Planting, planting, planting.

 I love the way the native American Indians name the months after seasonal moons. I think that ‘Blossom Moon’ would definitely be a hot contender just now: after the apricot, pear and plum, the apple orchard is in full bloom. I wish I could add a scratch and sniff card here as the scent is amazing, sweet and heady like honeysuckle. They are mainly cider apple trees and we’re hoping for a good harvest to sell to the local cider factory come autumn: get busy, bees!

A bumper crop in the making?

Back to the serious business of vegetable gardening and it has definitely been a ‘Planting Moon’ in the patch – I don’t seem to have done much else for the last couple of weeks. That said, it’s great to see things growing well, it’s even starting to look like a proper veg garden!

First, the polytunnel. I’ve planted a bed of ‘Long Red Marconi’ peppers and ‘Bulgarian Carrot’ chillies; one each of cucumbers ‘Akito’ and ‘Crystal Lemon’ at the end of the potting bench where I can train them up netting later on; two ‘Winter Butternut’ squash next to the potatoes where they can trail away to their hearts’ content once the spuds are out; and finally, a bed of ‘Black Beauty’ aubergines. Everything bar the aubergines went into fresh ground so I dug in plenty of muck as I know they’re greedy feeders. I’ve edged the lot with French marigolds and tucked some basil plants amongst the tomatoes as companion plants. There’s just one space left for the melons when the temperature starts to rocket.

No more room: the tunnel is officially full.

Outside, we’ve dug a separate bed behind the polytunnel which is very manure- rich. Here I’ve popped in courgettes, more butternut squash and also ‘Sweet Dumpling’,  plus cucumbers with sunflowers to climb up. Again, there’s room for a couple of melons later; if we have a sweltering summer like last year, I’m hoping for some sweet and juicy little Charentais to tuck into.

The courgettes haven’t looked back since going into the ground.

The two ‘Big Max’ pumpkins are sitting like kings on their own private muck heaps. I’ve planted three new lots of seeds, too: swede ‘Best of All’, Florence fennel and chicory’ Witloof Zoom’. I know the last two can be tricky, but they’re very popular out here so I’m hoping they’ll go well – it’s got to be worth a try, surely?

The ‘Charlotte’ potatoes are all through the ground now and among the more recent seed plantings, the chervil, dill, rainbow chard, spinach, ‘Little Gem’ lettuce and asparagus pea are all coming along fine.

Chervil seedlings

Rainbow chard seedlings

Spinach between the broad beans.

However, the Usain Bolt Veg-of-the-Week award has to go to the dwarf French beans ‘Canadian Wonder.’ They literally caused two fault lines in the ground as the plants pushed up and it’s no exaggeration to say we could watch them popping through. We are so used to a disappointing 50% germination rate in our previous garden that I planted plenty and guess what? They’ve ALL germinated (which is why I guess they’re called French beans, not Welsh beans). Anyway, with some careful transplanting when they’re slightly bigger, we should have an extra row and more beans than two people could ever need.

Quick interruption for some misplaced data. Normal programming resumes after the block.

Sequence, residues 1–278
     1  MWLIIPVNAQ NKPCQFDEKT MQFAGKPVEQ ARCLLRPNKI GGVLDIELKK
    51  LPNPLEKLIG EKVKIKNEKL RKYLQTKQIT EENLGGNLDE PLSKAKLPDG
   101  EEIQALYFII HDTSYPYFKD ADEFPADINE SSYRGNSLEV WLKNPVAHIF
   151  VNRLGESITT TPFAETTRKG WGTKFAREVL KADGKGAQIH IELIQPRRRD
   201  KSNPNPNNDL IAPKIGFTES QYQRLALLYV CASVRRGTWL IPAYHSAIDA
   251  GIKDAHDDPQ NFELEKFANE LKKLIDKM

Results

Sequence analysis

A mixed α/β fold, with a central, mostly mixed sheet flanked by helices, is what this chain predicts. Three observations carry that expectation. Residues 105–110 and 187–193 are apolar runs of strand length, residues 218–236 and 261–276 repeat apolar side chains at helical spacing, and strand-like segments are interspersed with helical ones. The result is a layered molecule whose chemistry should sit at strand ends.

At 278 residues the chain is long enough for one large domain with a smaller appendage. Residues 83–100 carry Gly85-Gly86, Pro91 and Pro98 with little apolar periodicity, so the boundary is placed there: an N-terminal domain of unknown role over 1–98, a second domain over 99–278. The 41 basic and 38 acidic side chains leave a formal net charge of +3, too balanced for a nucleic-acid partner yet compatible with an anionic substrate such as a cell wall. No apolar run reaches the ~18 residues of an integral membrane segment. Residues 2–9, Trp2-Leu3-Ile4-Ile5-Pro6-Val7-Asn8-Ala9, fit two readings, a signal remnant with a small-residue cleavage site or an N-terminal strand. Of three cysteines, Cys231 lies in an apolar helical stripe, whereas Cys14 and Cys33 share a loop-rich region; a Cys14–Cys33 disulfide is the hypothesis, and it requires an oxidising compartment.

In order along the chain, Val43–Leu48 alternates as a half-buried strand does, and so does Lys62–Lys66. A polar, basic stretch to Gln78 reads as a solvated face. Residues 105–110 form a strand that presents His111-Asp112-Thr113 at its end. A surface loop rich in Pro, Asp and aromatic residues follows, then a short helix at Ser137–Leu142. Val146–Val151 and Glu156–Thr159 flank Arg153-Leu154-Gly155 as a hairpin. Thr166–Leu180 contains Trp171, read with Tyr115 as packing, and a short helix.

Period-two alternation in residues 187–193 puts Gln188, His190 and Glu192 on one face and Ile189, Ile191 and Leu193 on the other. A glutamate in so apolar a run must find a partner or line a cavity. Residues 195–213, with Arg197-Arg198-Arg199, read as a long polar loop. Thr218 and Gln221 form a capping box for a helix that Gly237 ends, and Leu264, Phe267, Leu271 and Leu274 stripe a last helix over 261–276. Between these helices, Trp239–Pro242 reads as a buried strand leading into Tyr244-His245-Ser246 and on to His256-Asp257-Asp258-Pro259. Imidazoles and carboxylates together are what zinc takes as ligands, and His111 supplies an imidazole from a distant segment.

Speed freaks!

  (On which subject, thanks a million to our fantastic family members who are currently booking their summer hols with us – we NEED you and your appetites! :-))

There was me thinking that slugs were going to be my biggest problem – wrong again. Happily, a fair few have met a boozy end swimming in beer but the bigger menaces have been leather jackets (eating the lettuce plants from underneath) and pigeons (scoffing the summer cabbage). I’ve built a temporary willow and net cage over the cabbages, it’s not a thing of beauty but has definitely stopped those  thieving little beaks. I’m working on Anti-Pigeon Plan B before the next batch of baby brassicas goes out.

Get off my cabbages, you wretched pigeons! My net might be wonky but it works.

Luckily (so far) the pigeons haven’t touched the peas.

Despite having planted so many things, the potting bench still heaves with plants. Now that I’ve freed up so many pots (no need to drink all that milk now, I can go back to wine…) I’ve been pricking out and potting on all sorts of bits and pieces. I’m chuffed with the basil which is going well, and also the little feathery asparagus ‘Connovers Colossal’ which promises scrumptious things in future years.

Basil…mmm, the spicy smell of summer.

Asparagus – worth the three year wait!

For now though, it’s back to the planting… 🙂

The apple orchard – bloomin’ lovely.



6 thoughts on “Planting, planting, planting.

  1. Looks lovely, I am looking forward to helping you munch through all those French beans – a tough job, but I think we’re up to the task (especially as I haven’t had much luck with French beans, what I’ve lost there though I’ve made up with leeks, I suppose that shouldn’t be a huge shock really). Maybe we should organise a trip during cider season too???? 🙂


    • ..and we’re looking forward to having you here to help. Mind you, you might feel like changing your blog name to something different by the time you’ve finished! Leeks growing well in Wales- whatever next???? Love your avatar, by the way. xxx


    • Thank you, we’re ridiculously happy (and that’s not just the wine and beer talking…)! We’ve been here 10 months now and every day I still have to pinch myself to believe it’s real! I’m very easily distracted so it takes me twice as long as it should to get anything done in the veg patch, too busy with my nose in the flowers. Still, it’s got to be done, hasn’t it????


    • Thanks! After struggling for years to grow apples on a windy Welsh hillside (where the blossom just blew off) it’s a real treat. All we need now is one of those gorgeous brown and white spotty Normandy cows to complete the picture!


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